“So does everyone see what Julian means? He is dressed in what we call traditional clothes. This story is about the past, yes? About a long ago time?” Nods. “Well, in this long ago time, Europe was more well-known than America. Today, Julian thinks of America before Europe. Today, probably the best word to use for this sort of difference is ‘Western’. Why would he want to dress in different clothes, Kit?”

Kit is quiet, particularly compared to Marshall, whose American aunt is really helping him develop skills. He paused. “He…belong?”

“He won’t be strange,” offered Charlotte.

“Yes, he wants to fit in, or assimilate. Good! Back to the book. The Pacific Ocean surrounded him.

“Océano Pacífico!” Marshall beamed. “That’s here.”

“Yes, and now we know the first part of his journey,” I walk over to the large wall map. “He left from Japan” (points) “and traveled across the Pacific Ocean. Where will he end up?”

“AMERICA!” chorused from all six.

“What does surround mean? Sebastian?” Sebastian tried to check with Julian in Chinese, but I stopped him. “He is on a boat, yes? In the Pacific Ocean? What would he see?”

“Water.”

“Amit, would he see land?” Amit was puzzled. I went back to the map, showing the trip. “He would be here. Would he see land?’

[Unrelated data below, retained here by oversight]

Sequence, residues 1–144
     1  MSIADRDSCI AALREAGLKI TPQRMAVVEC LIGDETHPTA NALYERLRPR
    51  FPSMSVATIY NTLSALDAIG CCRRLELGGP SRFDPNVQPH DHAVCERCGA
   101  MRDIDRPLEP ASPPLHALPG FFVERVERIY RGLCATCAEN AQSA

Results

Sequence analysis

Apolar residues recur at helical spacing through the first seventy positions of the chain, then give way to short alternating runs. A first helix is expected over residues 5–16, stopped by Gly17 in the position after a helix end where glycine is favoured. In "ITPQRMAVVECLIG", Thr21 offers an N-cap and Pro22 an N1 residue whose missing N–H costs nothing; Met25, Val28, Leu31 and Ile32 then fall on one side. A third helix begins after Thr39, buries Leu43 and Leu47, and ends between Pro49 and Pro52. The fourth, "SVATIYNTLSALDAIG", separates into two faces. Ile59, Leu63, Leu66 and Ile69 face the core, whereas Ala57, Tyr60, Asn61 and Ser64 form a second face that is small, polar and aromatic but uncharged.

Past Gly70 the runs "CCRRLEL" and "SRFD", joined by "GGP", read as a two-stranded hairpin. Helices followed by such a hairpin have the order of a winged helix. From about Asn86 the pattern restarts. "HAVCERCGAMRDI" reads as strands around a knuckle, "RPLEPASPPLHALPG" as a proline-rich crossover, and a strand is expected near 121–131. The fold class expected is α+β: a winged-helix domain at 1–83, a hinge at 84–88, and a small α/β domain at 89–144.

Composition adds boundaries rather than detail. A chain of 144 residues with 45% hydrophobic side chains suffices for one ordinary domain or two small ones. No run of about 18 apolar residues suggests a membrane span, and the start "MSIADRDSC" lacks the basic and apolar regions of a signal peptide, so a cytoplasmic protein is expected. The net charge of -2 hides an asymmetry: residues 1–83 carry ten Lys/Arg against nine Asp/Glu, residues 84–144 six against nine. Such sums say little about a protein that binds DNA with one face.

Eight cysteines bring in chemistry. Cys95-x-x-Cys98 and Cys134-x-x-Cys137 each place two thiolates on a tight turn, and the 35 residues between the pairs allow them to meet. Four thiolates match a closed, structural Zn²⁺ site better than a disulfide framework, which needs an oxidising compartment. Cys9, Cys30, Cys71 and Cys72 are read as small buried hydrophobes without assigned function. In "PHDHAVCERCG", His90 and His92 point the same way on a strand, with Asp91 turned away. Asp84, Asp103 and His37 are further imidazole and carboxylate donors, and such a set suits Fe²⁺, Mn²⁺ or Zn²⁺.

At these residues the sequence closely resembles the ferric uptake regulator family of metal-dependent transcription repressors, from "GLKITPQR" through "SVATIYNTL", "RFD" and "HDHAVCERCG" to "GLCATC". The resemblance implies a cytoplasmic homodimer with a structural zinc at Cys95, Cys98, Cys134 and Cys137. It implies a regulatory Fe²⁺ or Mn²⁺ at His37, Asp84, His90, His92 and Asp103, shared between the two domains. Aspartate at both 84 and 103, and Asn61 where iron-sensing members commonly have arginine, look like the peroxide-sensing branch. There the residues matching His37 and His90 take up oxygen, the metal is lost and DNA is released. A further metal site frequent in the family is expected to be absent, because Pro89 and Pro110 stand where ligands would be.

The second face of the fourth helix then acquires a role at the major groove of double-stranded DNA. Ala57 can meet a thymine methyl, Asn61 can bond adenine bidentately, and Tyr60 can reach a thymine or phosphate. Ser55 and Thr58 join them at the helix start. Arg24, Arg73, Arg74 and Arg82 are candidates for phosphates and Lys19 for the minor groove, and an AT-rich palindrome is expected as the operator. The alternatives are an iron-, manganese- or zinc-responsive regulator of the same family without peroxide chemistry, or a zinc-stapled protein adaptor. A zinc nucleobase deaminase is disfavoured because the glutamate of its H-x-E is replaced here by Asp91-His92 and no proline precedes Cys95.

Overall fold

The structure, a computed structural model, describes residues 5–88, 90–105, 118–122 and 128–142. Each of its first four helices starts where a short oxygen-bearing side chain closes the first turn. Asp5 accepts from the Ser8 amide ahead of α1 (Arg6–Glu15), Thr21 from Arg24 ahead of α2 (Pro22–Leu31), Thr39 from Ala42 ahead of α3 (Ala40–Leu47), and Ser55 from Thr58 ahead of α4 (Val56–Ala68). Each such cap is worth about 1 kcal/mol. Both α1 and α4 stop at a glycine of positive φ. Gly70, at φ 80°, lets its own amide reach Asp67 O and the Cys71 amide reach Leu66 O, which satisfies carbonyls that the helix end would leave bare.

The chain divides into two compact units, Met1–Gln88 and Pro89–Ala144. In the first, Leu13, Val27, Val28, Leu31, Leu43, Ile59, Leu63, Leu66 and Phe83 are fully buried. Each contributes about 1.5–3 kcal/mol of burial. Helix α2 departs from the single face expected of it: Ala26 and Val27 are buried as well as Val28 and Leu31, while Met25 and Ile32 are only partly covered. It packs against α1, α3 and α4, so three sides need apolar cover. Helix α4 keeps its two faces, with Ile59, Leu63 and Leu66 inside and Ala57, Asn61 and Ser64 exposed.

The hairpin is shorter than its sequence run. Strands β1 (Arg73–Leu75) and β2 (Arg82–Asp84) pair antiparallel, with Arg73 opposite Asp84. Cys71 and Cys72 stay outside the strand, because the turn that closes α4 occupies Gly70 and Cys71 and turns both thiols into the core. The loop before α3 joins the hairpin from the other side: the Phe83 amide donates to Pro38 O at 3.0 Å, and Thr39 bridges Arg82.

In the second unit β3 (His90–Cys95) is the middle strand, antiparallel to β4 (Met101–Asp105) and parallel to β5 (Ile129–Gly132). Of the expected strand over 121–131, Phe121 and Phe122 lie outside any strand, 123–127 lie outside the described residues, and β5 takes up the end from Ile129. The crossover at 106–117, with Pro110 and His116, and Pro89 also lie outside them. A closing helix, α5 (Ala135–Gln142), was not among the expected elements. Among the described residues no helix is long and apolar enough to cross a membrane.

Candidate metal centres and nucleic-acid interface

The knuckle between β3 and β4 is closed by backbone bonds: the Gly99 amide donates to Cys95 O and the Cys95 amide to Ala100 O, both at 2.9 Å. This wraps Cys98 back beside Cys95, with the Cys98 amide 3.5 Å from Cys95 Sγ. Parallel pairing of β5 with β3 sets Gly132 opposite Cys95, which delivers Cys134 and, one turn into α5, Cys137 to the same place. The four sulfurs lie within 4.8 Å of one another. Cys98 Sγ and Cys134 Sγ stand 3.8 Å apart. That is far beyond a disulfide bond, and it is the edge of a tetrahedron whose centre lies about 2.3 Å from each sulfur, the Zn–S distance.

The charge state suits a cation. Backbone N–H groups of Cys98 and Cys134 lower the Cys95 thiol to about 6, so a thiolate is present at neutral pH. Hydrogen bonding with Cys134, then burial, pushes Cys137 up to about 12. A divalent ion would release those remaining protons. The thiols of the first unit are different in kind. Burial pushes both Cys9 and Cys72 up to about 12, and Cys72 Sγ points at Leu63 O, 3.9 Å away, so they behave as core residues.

“No. Only water.”

“Yes. Surround means that everywhere you look, you see only one thing. It could be water. It could be people.”

“So what does ‘surround’ mean, Kit?”

“…around?”

“All around.” Sebastian.

For three weeks he did not see land. When land finally appeared, it was the New World.

“Kit, we just talked about days of the week. How many days in the week?”

“Seven,” jumped in Amit.

“Is that right, Kit?” Kit nodded. “So if the grandfather traveled for three weeks, and each week is seven days–and this is only for Kit–how many days did he travel?”

Kit clearly knew the answer, but needed time to put it in English. I held back everyone else with my hand, giving him time. “Vienti…no. Twenty. Twenty one.”

“Twenty one days on a boat?” Charlotte was skeptical.